Environmental factors related to Crayfish Habitat for the Lake Mendota Watershed




John Meredith, jfmeredith@wisc.edu

Leroy Mims, ljmims@wisc.edu

Dan O’Brien, djobrien@wisc.edu




To determine the relationship of environmental factors that corresponding to observed invasive and indigenous crayfish habitat.






The Wisconsin Department of Natural Resources rates the Lake Mendota watershed as a high priority for surface water protection and research.[i]  Scientists have observed a change in the crayfish distribution in the Lake’s watershed where the indigenous species are being displaced by invasive crayfish.  The impacts of invasive species pose a threat to the quality of aquatic habitat by destroying vegetation and disrupting fish habitat.


Development along waterways in the Lake Mendota watershed is likely impacting crayfish habitat. The confounding effects of land cover change make assessing the relationship between crayfish and their surrounding environmental variables difficult.  Developing a method based on ecological factors that can distinguish aquatic habitat for native crayfish from habitat at risk of invasion is our goal.


Study Area


Our research area is the watershed of Lake Mendota in Dane County, Wisconsin. The Lake itself will be excluded from the analysis due the lack of field samples for crayfish habitat. The aquatic habitat in rivers, where the field samples were taken, will be the focus of analysis for the project.  From west to east, the rivers that make up the in-flow to Lake Mendota are the: Pheasant Branch, Dorn Creek, Six-mile Creek, Yahara and Token Creek. Pheasant Branch and Dorn Creek are useful study areas for assessing the impact of recent development.  Six-mile Creek and Token Creek, with less development and a more meandering course, are useful for distinguishing the other factors from development impacts.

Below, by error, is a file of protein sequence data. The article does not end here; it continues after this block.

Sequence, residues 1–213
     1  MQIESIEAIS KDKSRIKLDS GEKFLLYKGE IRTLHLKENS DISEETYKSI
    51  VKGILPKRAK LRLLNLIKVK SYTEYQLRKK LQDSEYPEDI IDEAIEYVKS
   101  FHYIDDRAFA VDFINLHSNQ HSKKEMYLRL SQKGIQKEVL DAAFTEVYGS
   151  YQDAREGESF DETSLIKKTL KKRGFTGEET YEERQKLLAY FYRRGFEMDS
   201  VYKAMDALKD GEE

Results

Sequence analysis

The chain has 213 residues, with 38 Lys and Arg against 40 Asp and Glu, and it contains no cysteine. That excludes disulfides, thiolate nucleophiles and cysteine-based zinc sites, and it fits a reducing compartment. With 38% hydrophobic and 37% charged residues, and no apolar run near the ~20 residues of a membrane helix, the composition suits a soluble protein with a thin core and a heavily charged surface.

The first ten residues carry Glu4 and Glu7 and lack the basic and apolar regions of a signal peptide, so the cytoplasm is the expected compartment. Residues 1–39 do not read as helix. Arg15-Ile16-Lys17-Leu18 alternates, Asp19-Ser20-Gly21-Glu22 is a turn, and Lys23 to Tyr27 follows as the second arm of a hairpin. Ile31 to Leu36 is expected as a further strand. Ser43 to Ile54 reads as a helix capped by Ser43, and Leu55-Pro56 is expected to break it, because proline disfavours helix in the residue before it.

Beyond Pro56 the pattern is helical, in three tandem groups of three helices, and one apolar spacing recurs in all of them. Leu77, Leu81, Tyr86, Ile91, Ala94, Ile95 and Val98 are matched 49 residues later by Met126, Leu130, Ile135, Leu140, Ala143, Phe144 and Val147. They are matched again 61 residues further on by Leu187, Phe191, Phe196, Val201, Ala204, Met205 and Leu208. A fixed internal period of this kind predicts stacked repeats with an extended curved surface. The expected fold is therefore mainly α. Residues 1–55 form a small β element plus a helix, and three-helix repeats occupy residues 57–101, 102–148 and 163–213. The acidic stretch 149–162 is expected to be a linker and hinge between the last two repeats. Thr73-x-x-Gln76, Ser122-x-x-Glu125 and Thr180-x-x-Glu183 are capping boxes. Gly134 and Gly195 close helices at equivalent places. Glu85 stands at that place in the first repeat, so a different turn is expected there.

Proposed Tasks


1) The crayfish samples and observed habitat will be plotted onto a data layer as points locations.  The determination environmental conditions will take place at each point.


2) Then from each of the following data layers variables will be created, each with their measure of the amount or degree that each environmental factors occur for the field sampling points.



3) The environmental factors (river substrate, run-off, aquatic vegetation, the proportion of the watershed under recent construction, and river sinuosity) will then be gauged with respect to each of the crayfish field sampling points to create a series of measures for each field location.


4) Field locations will then be compared to one another to evaluate the degree to which each of environmental factors is present for that location. As trends for all of the crayfish field sites will be compiled, it is possible to determine a divergence between the kinds of environmental factors favored by invasive crayfish compared to native crayfish.


5) The project output will consist of:  1. A table spelling out the matrix of environmental factors for each field site included with a short report on environmental factors as they related to observed crayfish habitat; 2. Thematic maps for each of the data layers.

These will help determine if there are consistent trends between observed crayfish habitat and environmental factors and to what degree these environmental factors differ between native and invasive crayfish locations?



[i] Sorge, Micheal J. (April 1996), Lake Mendota Priority Watershed Surface Water Resource Appraisal Report, Wisconsin Department of Natural Resources